The ERTE furlough scheme was launched in April in a bid to avoid massive layoffs at firms hit by the lockdown and had been due to end on September 30th.
It is the second time the scheme has been extended, with some 750,000 people currently benefiting from furlough conditions, down from a peak of 3.4 million at the height of the lockdown.
“The ERTE scheme can continue being an alternative to layoffs,” tweeted Unai Sordo, secretary general of the Workers' Commissions (CCOO) union, hailing the agreement.
A commitment to fund such temporary unemployment schemes was one of the key measures put in place by Socialist Prime Minister Pedro Sanchez's government to bolster an economy battered by months of lockdown.
Earlier this month, Sanchez said the government had spent four billion euros ($4.7 billion) per month on the ERTE scheme. In return, companies are banned from laying off staff for six months after the scheme ends.
“The ban on layoffs remains in place,” Labour Minister Yolanda Diaz told a press conference, saying the new deal was “key to finding a way out of the crisis”.
“It is a day of hope for the companies and the workers in our country.”
Talks with employers went down to the wire over differences about the criteria for choosing firms eligible for the scheme, with some fearing they would be excluded, notably in the hotel sector.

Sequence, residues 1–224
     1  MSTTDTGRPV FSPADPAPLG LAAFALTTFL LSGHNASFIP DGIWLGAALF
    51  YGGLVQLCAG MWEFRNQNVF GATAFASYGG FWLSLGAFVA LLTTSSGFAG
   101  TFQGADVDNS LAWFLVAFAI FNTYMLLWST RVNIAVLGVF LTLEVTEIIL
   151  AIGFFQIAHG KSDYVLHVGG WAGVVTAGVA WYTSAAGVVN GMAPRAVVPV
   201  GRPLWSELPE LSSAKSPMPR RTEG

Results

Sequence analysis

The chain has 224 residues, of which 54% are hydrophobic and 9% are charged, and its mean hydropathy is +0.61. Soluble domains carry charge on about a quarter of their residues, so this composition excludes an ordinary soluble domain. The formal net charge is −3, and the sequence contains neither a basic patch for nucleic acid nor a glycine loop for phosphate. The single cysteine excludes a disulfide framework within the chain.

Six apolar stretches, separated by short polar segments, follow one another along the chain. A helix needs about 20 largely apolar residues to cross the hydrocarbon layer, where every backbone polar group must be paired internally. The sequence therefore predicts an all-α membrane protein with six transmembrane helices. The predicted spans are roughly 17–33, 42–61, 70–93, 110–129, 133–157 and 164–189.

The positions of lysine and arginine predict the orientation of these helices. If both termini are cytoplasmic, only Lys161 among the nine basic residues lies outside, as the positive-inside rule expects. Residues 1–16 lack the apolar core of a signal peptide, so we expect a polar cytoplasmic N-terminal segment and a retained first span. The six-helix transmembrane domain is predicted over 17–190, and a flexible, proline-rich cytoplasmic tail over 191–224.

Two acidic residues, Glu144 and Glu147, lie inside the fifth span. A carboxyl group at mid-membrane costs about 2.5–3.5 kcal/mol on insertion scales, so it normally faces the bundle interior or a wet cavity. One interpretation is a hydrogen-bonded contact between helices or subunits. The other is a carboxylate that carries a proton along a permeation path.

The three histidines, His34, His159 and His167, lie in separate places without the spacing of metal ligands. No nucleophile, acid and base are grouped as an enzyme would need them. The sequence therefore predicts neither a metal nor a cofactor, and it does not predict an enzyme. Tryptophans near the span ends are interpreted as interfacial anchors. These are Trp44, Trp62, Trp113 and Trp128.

Spain's main business lobby group, the CEOE, said the deal reached would “guarantee the survival of the largest possible number of companies and jobs at such a prolonged and difficult economic juncture”.
The government has also extended its financial support to the self-employed.
The cost of emergency measures to bolster the economy such as the furlough scheme, state-backed credits and help for the self-employed, is equivalent to 20 percent of GDP, the government has said.
The pandemic destroyed more than a million jobs in Spain between April and June, mostly in the services and tourism sector.
Spain's unemployment rate jumped to 15.3 percent by the end of June, and could rise as high as 19 percent by the year's end, the government has warned, while the IMF sees it rising to 20.8 percent.
The country is currently battling a second wave of coronavirus that has so far claimed more than 31,000 lives and infected nearly 750,000 in the highest infection rate in the European Union.